10: Viktoria Berenike Paulini in rothe Nelke zu Memmingen -New Name & New Device
Per pale sable and gules, a bear en Nike segreant argent and muletty of four points pierced azure, vested of trunkhosen argent and gules and buskins Or, maintaining a pole-cannon argent enflamed proper
No major changes.
Spelling (please retain k's in Viktoria and Berenike.) most important.
Note from Saker: Due to the number of additional documents, the additional documentation can be found here, under the names in the documentation below: https://goo.gl/BjH1yC
This name at first appears quite complex, but it follows the pattern in SENA Appendix A for German names: <double given name><patronymic><locative>.
Viktoria Berenike (double given name)
<Viktoria Wilheuser> female, christened 1608, Germany. Batch no. K94702-1 https://familysearch.org/ark:/61903/1:1:NT6D-V8D
In the September 2014 LoAR return for Amenhetep Mes ne Satnemti (http://heraldry.sca.org/loar/2014/09/14-09lar.html#394) it notes:
"Scholars in Europe during the medieval and Renaissance periods were informed by and built upon the legacy of writers from Greece and Rome. Works by these authors were translated and disseminated throughout our period, either directly or in retellings. This exchange directly impacted later culture. For example, the names of Greek deities were adopted as given names in the late period (particularly England and Germany), and classical design elements appeared in Western European art and architecture."
In a similar vein, we argue that the names of Ptolemaic dynasty rulers were used in 16th-17th century England: <Apama Sumner> female, christened 1595, England. Batch no. C14547-1 (https://familysearch.org/ark:/61903/1:1:NBVD-LY4)
Note: Apama was also known as Arsinoe, and was the mother of Berenike.
<Cleopatra Ashton> female, married 1647, England. Batch no. M02232-1 (https://familysearch.org/ark:/61903/1:1:NVJH-8P8)
<Ptolomens Blake> male, christened 1587, England. Batch no. P00275-1 (https://familysearch.org/ark:/61903/1:1:N51B-JZB)
<Ptolomy Parsons> male, christened 1641, England. Batch no. C05106-2 (https://familysearch.org/ark:/61903/1:1:N5QJ-NVC)
Hence the name of another Ptolemaic queen could be used as a given name, that of Berenike (Βερενίκη).
In "Opera ... quorum quaedam nova, pleraque renovata & aucta (etc.), Volume 3" by Haeredes Vignon, printed in 1600, she is mentioned in Greek and Latin in column 1305. (https://books.google.com.au/books?id=yydgAAAAcAAJ&dq=%CE%92%CE%B5%CF%81%CE%B5%CE%BD%CE%AF%CE%BA%CE%B 7&source=gbs_navlinks_s) See images Berenice1.jpg and Berenice2.jpg.
The submitter wishes to retain the -k- in Berenike, the December 2014 LoAR sn. Killian Flynn notes that "English names use c/k switches." If the Latin spelling is argued to have been better known in England by commenters, it is still possible Berenice was spelled Berenike (http://heraldry.sca.org/loar/2014/12/14-12lar.html#55)
As per the February 2015 LoAR cover letter, the borrowing of late-period English given names in otherwise German-language names is allowed.
<Johannes Paulinus Stuetz> male, christened 1586, Germany. Batch no. C92255-1 https://familysearch.org/ark:/61903/1:1:NCDN-HG7 The Latinised unmarked patronymic form of this name would be Paulini.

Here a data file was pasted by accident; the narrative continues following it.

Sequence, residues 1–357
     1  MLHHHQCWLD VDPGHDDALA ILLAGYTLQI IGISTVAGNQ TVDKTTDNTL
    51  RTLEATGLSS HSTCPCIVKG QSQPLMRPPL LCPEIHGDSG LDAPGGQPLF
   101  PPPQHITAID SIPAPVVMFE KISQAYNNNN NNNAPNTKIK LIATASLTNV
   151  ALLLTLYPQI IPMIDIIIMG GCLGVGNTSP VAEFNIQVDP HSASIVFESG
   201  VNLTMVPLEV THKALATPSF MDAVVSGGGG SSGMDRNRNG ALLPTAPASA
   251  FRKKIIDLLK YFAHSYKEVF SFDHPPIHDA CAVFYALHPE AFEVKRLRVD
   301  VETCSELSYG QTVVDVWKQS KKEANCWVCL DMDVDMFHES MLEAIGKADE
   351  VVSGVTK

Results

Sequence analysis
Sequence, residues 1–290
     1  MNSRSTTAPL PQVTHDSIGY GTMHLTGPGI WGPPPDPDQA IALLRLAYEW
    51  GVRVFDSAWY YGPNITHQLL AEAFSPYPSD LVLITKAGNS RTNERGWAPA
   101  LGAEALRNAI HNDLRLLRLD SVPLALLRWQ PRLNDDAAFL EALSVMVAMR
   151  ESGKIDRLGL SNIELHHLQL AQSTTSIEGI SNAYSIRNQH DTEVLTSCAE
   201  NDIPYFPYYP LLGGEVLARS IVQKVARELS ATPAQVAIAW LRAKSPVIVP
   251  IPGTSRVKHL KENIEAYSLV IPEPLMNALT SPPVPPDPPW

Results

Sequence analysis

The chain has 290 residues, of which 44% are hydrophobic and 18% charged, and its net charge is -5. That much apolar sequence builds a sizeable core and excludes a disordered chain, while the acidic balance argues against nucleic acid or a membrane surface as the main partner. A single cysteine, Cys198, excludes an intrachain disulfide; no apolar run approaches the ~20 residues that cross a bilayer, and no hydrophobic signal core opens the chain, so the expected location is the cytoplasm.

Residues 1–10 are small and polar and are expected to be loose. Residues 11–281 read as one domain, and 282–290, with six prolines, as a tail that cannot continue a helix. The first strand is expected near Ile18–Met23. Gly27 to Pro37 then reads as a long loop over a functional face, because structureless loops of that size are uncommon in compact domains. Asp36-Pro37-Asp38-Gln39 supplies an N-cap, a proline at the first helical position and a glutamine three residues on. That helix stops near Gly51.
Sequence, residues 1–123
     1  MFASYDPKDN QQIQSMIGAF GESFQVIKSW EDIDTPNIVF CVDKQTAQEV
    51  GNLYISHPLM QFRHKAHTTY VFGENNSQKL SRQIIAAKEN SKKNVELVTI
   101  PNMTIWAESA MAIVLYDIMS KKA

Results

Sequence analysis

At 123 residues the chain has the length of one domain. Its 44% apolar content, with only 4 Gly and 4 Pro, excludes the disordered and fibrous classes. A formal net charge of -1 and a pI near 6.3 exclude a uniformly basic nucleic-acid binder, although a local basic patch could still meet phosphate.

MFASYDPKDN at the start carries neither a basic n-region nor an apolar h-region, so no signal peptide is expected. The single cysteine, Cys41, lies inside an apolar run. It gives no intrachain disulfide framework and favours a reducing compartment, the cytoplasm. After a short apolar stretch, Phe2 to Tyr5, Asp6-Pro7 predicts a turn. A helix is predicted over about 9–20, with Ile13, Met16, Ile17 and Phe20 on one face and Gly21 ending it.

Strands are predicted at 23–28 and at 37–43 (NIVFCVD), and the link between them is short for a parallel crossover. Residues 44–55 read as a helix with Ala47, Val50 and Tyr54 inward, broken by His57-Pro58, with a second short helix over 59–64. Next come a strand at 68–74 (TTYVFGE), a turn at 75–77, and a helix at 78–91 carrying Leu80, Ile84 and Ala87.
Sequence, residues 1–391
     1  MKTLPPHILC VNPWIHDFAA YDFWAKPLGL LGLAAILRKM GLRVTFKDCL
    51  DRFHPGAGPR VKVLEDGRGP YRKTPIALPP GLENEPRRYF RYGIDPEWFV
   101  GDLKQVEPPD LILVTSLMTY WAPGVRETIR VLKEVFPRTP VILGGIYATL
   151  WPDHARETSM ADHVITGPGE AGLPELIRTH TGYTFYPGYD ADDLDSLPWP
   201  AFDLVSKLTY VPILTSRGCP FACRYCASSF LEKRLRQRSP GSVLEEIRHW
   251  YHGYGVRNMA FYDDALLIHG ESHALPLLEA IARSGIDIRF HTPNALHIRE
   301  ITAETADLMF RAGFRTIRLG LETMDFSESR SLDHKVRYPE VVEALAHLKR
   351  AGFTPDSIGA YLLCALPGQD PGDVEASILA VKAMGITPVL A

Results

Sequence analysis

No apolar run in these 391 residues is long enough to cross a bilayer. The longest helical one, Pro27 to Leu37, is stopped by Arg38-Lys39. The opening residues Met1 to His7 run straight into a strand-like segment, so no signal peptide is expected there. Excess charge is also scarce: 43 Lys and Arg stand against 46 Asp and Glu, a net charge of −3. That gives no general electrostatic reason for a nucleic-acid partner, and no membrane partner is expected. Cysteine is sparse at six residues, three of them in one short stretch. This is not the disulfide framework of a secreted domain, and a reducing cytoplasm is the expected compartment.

in rothe Nelke zu Memmingen (locative)
In late-to-grey period Germany, we have found examples of patronymics using the style <in guesthouse><of town>.
<Hengens Im Hobe Zu Banff> [Hengens in the yard (Hof) at Banfe, Germany] daughter christened 1569, Germany. Batch no. C97748-9 https://familysearch.org/ark:/61903/1:1:NT4Z-65H
<Jeronymus Im Huf Zu Banf> [Jeronymus in the yard at Banfe, Germany] Male, christened 1600, Germany. Batch no. C97748-9 https://familysearch.org/ark:/61903/1:1:VH7R-9TB
<Adolff In Gen Garden Zu Asbergh> [Adolf in the garden at Ansberg, Germany] male, christened 1615, Germany. Batch no. C95534-1 https://familysearch.org/ark:/61903/1:1:NJ4Q-9ZF
<Wilhelmus In Spettale Zu Rumeke> [Wilhelmus in the hospital at Rumbeck, Germany] son christened 1628, Germany. Batch no. C99290-1 https://familysearch.org/ark:/61903/1:1:NHYN-YYP
<Gertrudis Pistoris In Spitahl Zu Rumbeck> [Gertrudis Pistoris in the hospital at Rumbeck] female, christened 1628, Germany. Batch no. C99290-1 https://familysearch.org/ark:/61903/1:1:NRKJ-Z4W
In the submitted name, she wishes to be from an inn called "the red carnation" in the town of Memmingen. Memmingen is attested in:
"Alemaniae sive Sveviae Svperioris Chorographia nova" dated 1625, by Johann Christoph Hunter (1619-1640) (http://mapy.mzk.cz/mzk03/001/060/680/2619268408/) shows on his map Mem̃ingen, showing the second m has been omitted. See images Memmingen.jpg and Memmingen_source.jpg.
An inn called "the red carnation" can be constructed using the pattern <colour>+<plant> seen in: "Strassburger Gassen- und Häuser-Namen im Mittelalter" by Charles Schmidt (1871): https://books.google.com.au/books?id=gOxFAQAAMAAJ
p. 34 <zu der rothen Gilien> 1468, glossed in the text as "at the red lily"
p. 71 <zum guldinen Apfel> 1587 "at the gilded apple"
p. 126 <zur grünen Linden> 1580 "at the green linden"
See images Schmidt1.jpg, Schmidt2.jpg, Schmidt3.jpg and Schmidt4.jpg.
The later word for carnation "Nelke" is attested in "Etymologische Wörterbuch des Deutschen" [Etymological Dictionary of German" edited by Wolfgang Pfeifer sv. Nelke (http://www.dwds.de/?qu=Nelke) which says:
"Nelke f. duftende Wild- und Zierblume....Aus pluralischen Bildungen wie mnd. nēgelken, md. nelekin, nelchin (15. Jh.) entwickelt sich durch Kontraktion und n-Abfall die als Singular aufgefaßte Form Nelke (Ende 16. Jh.)...."
[Nelke [carnation] f. a scented wild and ornamental flower... from the plural form, like middle-low-German nēgelken, middle-German nelekin, nelchin (15 th c.) it contracted to become in the singular Nelke (by the end of the 16 th c.)...] See image DWDS_Nelke.jpg